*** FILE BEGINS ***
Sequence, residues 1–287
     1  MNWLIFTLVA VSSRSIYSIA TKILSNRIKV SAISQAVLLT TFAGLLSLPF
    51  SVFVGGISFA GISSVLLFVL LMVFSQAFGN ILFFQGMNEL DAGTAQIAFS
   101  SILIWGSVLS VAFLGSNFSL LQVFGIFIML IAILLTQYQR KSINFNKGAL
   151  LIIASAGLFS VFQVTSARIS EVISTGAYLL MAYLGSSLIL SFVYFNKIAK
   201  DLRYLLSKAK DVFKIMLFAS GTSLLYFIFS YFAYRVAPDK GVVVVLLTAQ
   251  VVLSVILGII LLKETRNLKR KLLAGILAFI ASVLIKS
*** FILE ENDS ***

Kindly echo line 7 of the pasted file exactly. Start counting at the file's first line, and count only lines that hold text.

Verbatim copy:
   251  VVLSVILGII LLKETRNLKR KLLAGILAFI ASVLIKS